Gillian also pointed out that the Super Hornet is ideal for missions over Canada’s Arctic territory because it has the ability to fly more than 100 nautical miles farther than the legacy CF-18s and can extend that distance farther with its buddy fueling capabilities. The Super Hornet is also considered to be the most cost-effective aircraft in the U.S. tactical aviation fleet, costing less per flight hour to operate than any other tactical aircraft in U.S. forces inventory, including single-engine aircraft such as the F-16.

“We’re far more advanced that we’re given credit for,” says Ricardo Traven, a former Royal Canadian Air Force fighter pilot who is now chief Boeing test pilot for the F/A-18. “It is a fighter that is very adaptable, flexible, and it meets Canada’s mission requirements.”

While the legacy C-18 Hornet and the F/A-18 Super Hornet are “two different aircraft,” Traven said pilots like him who have flown a CF-18 will find it easy to transition to the Super Hornet.

“The control, hydraulics, and philosophy behind it are all the same and very easy to pick-up,” another pilot said.

Canada is looking to is looking to replace its fleet of aging Boeing CF-18 fighter jets which were purchased from 1982 to 1988. Apart from the Super Hornet, the contenders include the Dassault Rafale, Lockheed Martin’s F-35 Lighting II, the Saab JAS 39 Gripen, and the Eurofighter Typhoon. However, it’s the 5th-generation fighter F-35 that considered a top rival of the Super Hornet for the Canadian contract.

“The 5th gen (platform) was super innovative 10 years ago and on paper, we’re far more advanced now,” according to Traven. He also downplayed the stealth capability of the F-35 as a “passive” form of defence which could be leaf frogged and rendered ineffective by advances in radar technology.

“No one knows what will happen by 2025 to 2035, things evolve so quickly. But the Super Hornet has space to grow,” says Traven.

Canada’s interim Super Hornet purchase

Recently, the Trudeau government had initiated talks with Washington on the purchase of 18 Super Hornets as a stopgap measure to relieve the pressure on the Royal Canadian Air Force’s fleet of aging CF-18 jets which were purchased from 1982 to 1988. Accidents and retirements have reduced the original fleet of 138 1980s-era fighters to 77, and Defence Minister Harjit Sajjan had been very vocal about the military’s need for newer fighter aircraft.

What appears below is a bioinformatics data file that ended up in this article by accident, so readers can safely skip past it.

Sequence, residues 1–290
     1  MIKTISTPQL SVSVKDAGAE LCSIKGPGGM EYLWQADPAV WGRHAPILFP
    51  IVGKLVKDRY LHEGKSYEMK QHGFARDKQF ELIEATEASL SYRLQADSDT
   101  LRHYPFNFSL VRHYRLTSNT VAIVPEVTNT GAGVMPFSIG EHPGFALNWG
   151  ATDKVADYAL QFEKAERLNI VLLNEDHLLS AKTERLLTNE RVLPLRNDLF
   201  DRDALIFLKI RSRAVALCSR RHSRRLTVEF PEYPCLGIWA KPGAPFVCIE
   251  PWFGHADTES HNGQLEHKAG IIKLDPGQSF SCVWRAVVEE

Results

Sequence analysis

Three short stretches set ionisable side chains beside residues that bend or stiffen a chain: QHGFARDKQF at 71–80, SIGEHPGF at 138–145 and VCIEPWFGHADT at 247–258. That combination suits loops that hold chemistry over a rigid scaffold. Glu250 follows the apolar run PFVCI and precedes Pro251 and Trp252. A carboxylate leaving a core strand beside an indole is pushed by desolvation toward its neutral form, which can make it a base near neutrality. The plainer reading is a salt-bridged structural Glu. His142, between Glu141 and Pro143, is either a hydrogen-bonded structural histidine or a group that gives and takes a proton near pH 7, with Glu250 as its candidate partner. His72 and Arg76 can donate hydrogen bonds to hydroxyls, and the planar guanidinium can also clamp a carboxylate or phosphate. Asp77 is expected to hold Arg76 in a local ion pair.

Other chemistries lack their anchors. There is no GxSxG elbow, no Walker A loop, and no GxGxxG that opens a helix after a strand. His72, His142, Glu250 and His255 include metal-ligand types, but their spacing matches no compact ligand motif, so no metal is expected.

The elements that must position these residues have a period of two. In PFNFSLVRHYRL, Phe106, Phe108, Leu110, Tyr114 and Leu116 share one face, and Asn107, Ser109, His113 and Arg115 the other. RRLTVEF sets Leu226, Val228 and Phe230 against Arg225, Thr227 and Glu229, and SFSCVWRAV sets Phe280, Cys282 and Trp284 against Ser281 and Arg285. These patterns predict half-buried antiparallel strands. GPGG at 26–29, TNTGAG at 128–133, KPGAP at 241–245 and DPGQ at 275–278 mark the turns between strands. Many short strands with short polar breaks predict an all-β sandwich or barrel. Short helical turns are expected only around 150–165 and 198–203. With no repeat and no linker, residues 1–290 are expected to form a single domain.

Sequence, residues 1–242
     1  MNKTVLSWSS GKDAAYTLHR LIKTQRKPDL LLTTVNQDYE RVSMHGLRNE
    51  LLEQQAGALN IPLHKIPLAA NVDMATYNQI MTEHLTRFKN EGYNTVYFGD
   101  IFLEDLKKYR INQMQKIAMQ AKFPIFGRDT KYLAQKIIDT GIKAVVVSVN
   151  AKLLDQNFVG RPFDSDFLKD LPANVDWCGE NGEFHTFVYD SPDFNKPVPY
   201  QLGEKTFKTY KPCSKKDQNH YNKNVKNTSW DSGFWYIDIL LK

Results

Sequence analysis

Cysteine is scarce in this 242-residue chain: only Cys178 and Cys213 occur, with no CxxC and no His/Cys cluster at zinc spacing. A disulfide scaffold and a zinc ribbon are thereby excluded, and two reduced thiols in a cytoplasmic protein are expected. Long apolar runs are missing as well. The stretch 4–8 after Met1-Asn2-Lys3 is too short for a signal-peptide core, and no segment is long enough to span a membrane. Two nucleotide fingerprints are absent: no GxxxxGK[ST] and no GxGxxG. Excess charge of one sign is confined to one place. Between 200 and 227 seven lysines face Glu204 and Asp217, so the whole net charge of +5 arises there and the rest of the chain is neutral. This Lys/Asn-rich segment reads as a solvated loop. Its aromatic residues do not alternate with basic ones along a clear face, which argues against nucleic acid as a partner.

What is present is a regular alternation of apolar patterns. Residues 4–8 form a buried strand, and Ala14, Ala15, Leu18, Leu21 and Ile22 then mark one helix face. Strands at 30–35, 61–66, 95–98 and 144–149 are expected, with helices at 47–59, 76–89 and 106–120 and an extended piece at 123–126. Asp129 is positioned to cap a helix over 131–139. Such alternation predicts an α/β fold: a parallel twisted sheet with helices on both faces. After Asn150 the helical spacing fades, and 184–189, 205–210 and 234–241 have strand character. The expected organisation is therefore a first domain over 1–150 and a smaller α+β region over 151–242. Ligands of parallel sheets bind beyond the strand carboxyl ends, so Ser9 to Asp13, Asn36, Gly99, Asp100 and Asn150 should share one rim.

According to Gillian, Boeing is working on how the production of the jets for Canada can be scheduled since the company has existing orders from the U.S. Navy as well. He is confident that Boeing, which turns out two Super Hornets a month, can meet its customers’ demands.

When the interim Super Hornet purchased was announced last fall, Sajjan promised that an “open and transparent competition” to replace the RCAF’s entire FF-18 fleet will take place. That competition will be launched sometime before the end of Prime Minister Justin Trudeau’s term of office.

Sajjan said the government expects a permanent fleet delivered as quickly as possible. Some estimates put that somewhere between 2029 and 2032.

Boeing’s ITB performance

Boeing also touts its record industrial and technological benefits (ITB) to Canada.

Roberto Valla

“For every dollar we spend in Canada directly, there is another dollar that comes in as economic impact through the supply chain,” according to Roberto Valla, Boeing’s vice-president of global sales for is Canadian operations.

He said Boeing has completed $6.7 billion of its ITB commitments to Canada ahead of schedule.

The company has a supply chain of more than 560 companies in Canada.

Boeing is also on track to invest over $10 million in Canadian research and development and another $10 million in university and industry research facilities.

The Advanced Super Hornet

The interim purchase presents an excellent opportunity for Boeing to show the Canadian armed forces just how well the Super Hornet performs.

However, another recent development south of the border could also be a boon for the aerospace company’s concept for an enhanced Super Hornet.

United States Defence Secretary James Mattis recently ordered a review of the country’s F-35 Joint Strike Fighter program. The review will compare the F-35C’s capabilities with that of the F/A 18 E/F as well as assess the viability of Boeing’s Advanced Super Hornet program.

The idea of an Advanced Super Hornet was rolled out in 2013. Essentially, the proposed aircraft will feature new capabilities and upgrades such a centerline, fuel tank mounted infrared search and track (IRST21) sensor, conformal fuel tanks, integrated defensive electronic countermeasures (IDECM) Block iV, active electronic scanned array (AESA) radar, and a next-generation jammer.

The review ordered by Mattis could boost Boeing’s push for its Super Hornet and provide the company a chance to prove the Advanced Super Hornet concept.